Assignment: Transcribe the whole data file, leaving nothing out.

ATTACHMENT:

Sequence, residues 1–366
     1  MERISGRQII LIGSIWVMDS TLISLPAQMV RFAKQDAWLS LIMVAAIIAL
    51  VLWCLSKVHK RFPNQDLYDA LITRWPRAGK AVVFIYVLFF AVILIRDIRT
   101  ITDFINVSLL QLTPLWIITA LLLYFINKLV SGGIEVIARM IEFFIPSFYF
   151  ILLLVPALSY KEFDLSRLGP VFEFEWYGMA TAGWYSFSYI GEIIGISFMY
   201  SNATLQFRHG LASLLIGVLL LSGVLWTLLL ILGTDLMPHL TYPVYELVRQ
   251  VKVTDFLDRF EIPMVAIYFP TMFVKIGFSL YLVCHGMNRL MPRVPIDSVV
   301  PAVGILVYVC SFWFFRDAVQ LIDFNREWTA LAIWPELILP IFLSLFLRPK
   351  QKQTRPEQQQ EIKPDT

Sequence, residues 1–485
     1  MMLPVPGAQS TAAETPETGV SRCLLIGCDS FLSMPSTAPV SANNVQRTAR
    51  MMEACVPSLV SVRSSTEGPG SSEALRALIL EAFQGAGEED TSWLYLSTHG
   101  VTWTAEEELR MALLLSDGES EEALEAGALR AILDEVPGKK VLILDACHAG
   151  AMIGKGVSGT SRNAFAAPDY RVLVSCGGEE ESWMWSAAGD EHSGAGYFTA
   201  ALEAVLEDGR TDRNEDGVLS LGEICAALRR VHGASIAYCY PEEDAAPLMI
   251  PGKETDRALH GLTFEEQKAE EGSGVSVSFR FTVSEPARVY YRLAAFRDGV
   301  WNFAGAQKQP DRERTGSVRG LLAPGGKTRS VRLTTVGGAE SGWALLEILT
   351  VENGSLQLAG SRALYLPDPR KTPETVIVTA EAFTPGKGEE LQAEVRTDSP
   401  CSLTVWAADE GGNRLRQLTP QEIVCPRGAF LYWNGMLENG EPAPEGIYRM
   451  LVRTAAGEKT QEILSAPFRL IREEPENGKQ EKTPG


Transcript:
Sequence, residues 1–366
     1  MERISGRQII LIGSIWVMDS TLISLPAQMV RFAKQDAWLS LIMVAAIIAL
    51  VLWCLSKVHK RFPNQDLYDA LITRWPRAGK AVVFIYVLFF AVILIRDIRT
   101  ITDFINVSLL QLTPLWIITA LLLYFINKLV SGGIEVIARM IEFFIPSFYF
   151  ILLLVPALSY KEFDLSRLGP VFEFEWYGMA TAGWYSFSYI GEIIGISFMY
   201  SNATLQFRHG LASLLIGVLL LSGVLWTLLL ILGTDLMPHL TYPVYELVRQ
   251  VKVTDFLDRF EIPMVAIYFP TMFVKIGFSL YLVCHGMNRL MPRVPIDSVV
   301  PAVGILVYVC SFWFFRDAVQ LIDFNREWTA LAIWPELILP IFLSLFLRPK
   351  QKQTRPEQQQ EIKPDT

Sequence, residues 1–485
     1  MMLPVPGAQS TAAETPETGV SRCLLIGCDS FLSMPSTAPV SANNVQRTAR
    51  MMEACVPSLV SVRSSTEGPG SSEALRALIL EAFQGAGEED TSWLYLSTHG
   101  VTWTAEEELR MALLLSDGES EEALEAGALR AILDEVPGKK VLILDACHAG
   151  AMIGKGVSGT SRNAFAAPDY RVLVSCGGEE ESWMWSAAGD EHSGAGYFTA
   201  ALEAVLEDGR TDRNEDGVLS LGEICAALRR VHGASIAYCY PEEDAAPLMI
   251  PGKETDRALH GLTFEEQKAE EGSGVSVSFR FTVSEPARVY YRLAAFRDGV
   301  WNFAGAQKQP DRERTGSVRG LLAPGGKTRS VRLTTVGGAE SGWALLEILT
   351  VENGSLQLAG SRALYLPDPR KTPETVIVTA EAFTPGKGEE LQAEVRTDSP
   401  CSLTVWAADE GGNRLRQLTP QEIVCPRGAF LYWNGMLENG EPAPEGIYRM
   451  LVRTAAGEKT QEILSAPFRL IREEPENGKQ EKTPG